Follows the interactions between an Afghani refugee and the son of the leaders of a burgeoning political party against immigration ‘queue jumpers.’
Michael meets Mina at a protest and later realises they share classes as school. As they clash, Michael learns that he doesn’t have to believe what his parents teach him, and that Mina faces certain persecutions just by being a non-Australian. To be honest, the book is quite light on plot, it’s mostly dedicated to the romance the two share, and Michael’s character arc. For some unknown reason they keep their relationship a secret.
There’s not much to say about Mina. She doesn’t really have a character arc. She’s mostly there to be the sympathetic boat person who teaches Michael that he can have independent thought. She’s smart and competitive enough for a scholarship to a prestigious college and her life is filtered through her experiences as a refugee, arriving in Australia by boat and spending time in detention before granted a refugee visa. She’s a very sympathetic character.
Michael is the other protagonist, and he starts out uncertain if he supports his parents beliefs in ‘Aussie Values’. Unfortunately his parents have quite a skewed world view and believe, for example, that if Mina attends Victoria College, her parents must be rich, when in reality they aren’t and Mina attends on a scholarship. Michael learns not to jump to these same conclusions, such as if a refugee can afford passage on an illegal boat, they can’t be that poor and shouldn’t be trying to leave their own country. I really would have liked the argument raised against Michael’s parents view that most illegal immigrants are Westerners (from the UK/US etc) overstaying their visas, not asylum seekers looking to ‘jump the queue’, but this didn’t happen. Instead it mostly tried to dispel the belief that refugees jump some kind of imaginary queue.
I did have a bit of trouble differentiating between both the characters’ voices. They sounded almost identical. I kept having to flip back to the start of the chapter to check the name.
One of my favourite things was watching how the media loved to hype everything up and then not declare a side. Journalistic integrity is something of the past. The media fuelled the hate more than the political organisation did.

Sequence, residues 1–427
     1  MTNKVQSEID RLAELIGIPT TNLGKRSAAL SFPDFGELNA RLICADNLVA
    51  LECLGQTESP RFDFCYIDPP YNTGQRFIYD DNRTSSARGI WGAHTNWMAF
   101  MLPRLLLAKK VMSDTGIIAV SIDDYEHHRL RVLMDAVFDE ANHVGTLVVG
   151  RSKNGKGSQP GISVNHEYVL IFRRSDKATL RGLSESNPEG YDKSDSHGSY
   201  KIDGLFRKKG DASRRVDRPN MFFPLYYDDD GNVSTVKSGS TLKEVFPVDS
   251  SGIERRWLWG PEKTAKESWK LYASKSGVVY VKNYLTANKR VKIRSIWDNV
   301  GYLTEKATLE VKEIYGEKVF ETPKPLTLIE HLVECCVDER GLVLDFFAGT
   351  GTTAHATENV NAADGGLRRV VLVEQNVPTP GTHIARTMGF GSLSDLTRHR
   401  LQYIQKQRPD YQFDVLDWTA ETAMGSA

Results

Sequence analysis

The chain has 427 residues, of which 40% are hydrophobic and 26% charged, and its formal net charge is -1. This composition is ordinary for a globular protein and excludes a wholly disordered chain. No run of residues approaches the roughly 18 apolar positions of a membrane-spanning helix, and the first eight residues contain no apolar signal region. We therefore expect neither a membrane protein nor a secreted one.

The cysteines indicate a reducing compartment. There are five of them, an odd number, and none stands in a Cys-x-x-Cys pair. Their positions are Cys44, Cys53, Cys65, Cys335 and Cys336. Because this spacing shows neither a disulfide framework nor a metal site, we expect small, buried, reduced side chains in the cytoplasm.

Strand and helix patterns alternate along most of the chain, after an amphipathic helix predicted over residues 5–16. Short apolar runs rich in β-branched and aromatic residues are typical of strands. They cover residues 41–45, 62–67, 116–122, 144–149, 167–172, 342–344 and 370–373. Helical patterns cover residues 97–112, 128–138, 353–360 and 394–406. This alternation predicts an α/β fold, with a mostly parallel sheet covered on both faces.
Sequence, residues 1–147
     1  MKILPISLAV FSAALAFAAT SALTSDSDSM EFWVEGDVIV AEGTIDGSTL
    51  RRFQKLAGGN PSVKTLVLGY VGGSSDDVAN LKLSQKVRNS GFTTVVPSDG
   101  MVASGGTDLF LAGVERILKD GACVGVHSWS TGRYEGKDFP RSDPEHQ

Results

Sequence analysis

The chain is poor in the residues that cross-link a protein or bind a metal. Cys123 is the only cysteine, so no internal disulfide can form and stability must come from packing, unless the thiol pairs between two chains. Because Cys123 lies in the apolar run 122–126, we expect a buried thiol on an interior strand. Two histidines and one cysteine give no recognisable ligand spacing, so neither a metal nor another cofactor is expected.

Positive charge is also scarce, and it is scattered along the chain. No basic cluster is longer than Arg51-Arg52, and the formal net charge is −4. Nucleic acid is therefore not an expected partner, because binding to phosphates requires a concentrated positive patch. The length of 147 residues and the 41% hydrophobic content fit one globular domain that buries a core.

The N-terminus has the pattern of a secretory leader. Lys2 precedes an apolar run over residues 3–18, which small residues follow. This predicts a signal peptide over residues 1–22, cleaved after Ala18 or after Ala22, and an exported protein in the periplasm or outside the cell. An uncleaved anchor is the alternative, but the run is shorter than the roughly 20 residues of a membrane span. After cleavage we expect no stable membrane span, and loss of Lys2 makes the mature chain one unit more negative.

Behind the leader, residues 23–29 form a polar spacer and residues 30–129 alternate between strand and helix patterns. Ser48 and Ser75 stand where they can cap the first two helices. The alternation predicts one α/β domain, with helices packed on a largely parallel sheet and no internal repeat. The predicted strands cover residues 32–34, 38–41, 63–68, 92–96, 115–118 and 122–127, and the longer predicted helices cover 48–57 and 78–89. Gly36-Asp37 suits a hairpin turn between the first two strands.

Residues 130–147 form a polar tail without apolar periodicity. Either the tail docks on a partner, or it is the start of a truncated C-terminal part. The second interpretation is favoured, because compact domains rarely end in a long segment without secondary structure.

One issue I had with the book was right at the end, Mina says about Michael, "He's taught me to never give up on anybody.” I found it hugely hypocritical that Terrence didn’t get the same treatment, especially since he and Michael started out at the same place, although Terrence was vilified throughout the whole novel and Michael wasn’t. Everyone ended up giving up on Terrence, even his long-time crush.
The pacing was pretty good – at least, I enjoyed the book a lot, thought about it when I wasn’t reading it, and was dead keen to get back to reading it. Despite its lack of real plot, the conflicts moved the narrative forward and I felt like the pace was kept high – I never knew what was around the corner and I was eager to find out.
Although light on plot, this book explores a very serious and timely conflict for Australians and other people living in privileged parts of the world. I never felt like I was being preached to by either side of the debate, although it was obvious whose side we were meant to be on, and I found Michael’s parents and their organisation to be more of an excuse for the more radical characters to act out. Although Mina didn’t change all that much, Michael had a fantastic character arc coming to terms with his own beliefs. I really enjoyed this novel and highly recommend it to other contemporary YA lovers.
I received this book for free from Pan MacMillan in exchange for an honest review. This does not affect my opinion of the book or the content of my review.